Tamarind paste is the processed pulp of the tamarind fruit. It is a souring agent popular in Indian cuisine for its ability to provide a tangy acidity to dishes along with mildly sweet notes. You can buy pre-made tamarind paste or a block of tamarind pulp that you can reconstitute to make your own paste. If neither option is available to you, consider one of the many tamarind paste substitutes.
Your best bet: Pomegranate molasses
Pomegranate molasses is a reduction of pomegranate juice. The juice has been reduced to the point where it becomes thick and syrupy but without being overly sweet. In fact, pomegranate molasses is typically used to provide acidity rather than overt sweetness.
The consistency of pomegranate molasses is a big part of what makes it an excellent substitute for tamarind paste as both of them bring moisture to a dish. It also provides dishes with a darker color, which is one of the effects of tamarind paste.
When using pomegranate molasses as a substitute for tamarind paste, use the same amount that your recipe requires for tamarind paste.
A decent second choice: Citrus juice
Lemon and lime juice are two of the most readily available souring agents and are popular for providing tartness in western cuisine. Tamarind fulfills that same role in Indian cuisine while also providing a fruity sweetness that you will not get from lemon or lime juice. Even so, tart citrus fruit can still do an effective job of standing in for tamarind paste. In fact, Indian cooks often use lemon or lime to replace tamarind when they need a substitute. If you are making a Thai dish and absolutely need the sweetness, consider adding sugar to slightly sweeten the juice and your dish.
When using lemon or lime juice as a tamarind paste alternative, add the same amount of juice that your recipe requires for tamarind paste. If you decide to add sugar, add equal parts sugar and citrus juice. Use the same amount of the mixture that your recipe requires for tamarind paste.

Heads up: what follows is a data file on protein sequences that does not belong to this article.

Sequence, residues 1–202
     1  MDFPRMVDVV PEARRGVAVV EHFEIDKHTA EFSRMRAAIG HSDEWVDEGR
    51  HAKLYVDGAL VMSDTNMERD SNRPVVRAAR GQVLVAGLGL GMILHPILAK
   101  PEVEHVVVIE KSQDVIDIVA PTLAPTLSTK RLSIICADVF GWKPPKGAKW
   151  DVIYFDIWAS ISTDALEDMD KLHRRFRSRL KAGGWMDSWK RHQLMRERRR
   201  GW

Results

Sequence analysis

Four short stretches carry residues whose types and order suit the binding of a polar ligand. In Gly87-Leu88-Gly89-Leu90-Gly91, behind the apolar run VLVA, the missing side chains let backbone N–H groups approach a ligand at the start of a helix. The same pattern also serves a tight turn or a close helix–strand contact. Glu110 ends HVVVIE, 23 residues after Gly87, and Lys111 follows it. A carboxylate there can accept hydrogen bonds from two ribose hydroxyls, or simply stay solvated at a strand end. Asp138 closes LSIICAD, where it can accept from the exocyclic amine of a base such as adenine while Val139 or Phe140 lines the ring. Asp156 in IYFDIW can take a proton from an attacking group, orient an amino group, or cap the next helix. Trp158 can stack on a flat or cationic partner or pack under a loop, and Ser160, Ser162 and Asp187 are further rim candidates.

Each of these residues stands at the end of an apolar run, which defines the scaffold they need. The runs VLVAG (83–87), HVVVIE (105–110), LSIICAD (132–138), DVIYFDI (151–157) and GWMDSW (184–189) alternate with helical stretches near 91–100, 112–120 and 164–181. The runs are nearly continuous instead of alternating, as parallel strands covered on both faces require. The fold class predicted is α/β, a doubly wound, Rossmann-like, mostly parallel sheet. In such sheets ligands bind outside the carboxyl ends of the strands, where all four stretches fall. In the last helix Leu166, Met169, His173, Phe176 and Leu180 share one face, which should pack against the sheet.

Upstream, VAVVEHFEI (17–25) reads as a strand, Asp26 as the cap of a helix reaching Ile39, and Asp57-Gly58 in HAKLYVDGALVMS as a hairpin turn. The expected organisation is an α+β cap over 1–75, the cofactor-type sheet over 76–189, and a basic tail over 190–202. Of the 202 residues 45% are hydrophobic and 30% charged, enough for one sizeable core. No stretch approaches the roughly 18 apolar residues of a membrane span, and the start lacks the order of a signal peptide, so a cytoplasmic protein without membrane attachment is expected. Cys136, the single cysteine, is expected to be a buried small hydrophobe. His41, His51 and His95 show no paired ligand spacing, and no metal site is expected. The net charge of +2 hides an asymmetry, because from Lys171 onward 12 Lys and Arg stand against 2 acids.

In a pinch: Mango powder
Mango powder or amchur is made from dried and powdered unripe mangos. While tamarind paste is more popular in southern India, mango powder is the preferred souring agent in the northern part of the country. The fruitiness and tartness that mango powder provides are similar that to that offered by tamarind paste.
The big difference is the consistency since mango powder is dry. You can increase mango powder’s similarity to tamarind paste by making a paste with it. Use equal parts mango powder and water. Add the same amount of the mango powder paste to your dish that the recipe indicates for tamarind paste.
Kokum is a fruit that has many of the same souring qualities as tamarind. Native to southern India, it is rarely used anywhere else. To use kokum, you will need to soak it in water and add it whole to the dish. As with fresh tamarind or unprocessed tamarind pulp, you will need to check for seeds.
Kachri powder is another local Indian seasoning that is almost unknown outside of India and rarely used outside of the Indian state of Rajasthan. The kachri is a relative of the cucumber and has a tart taste when dried and powdered.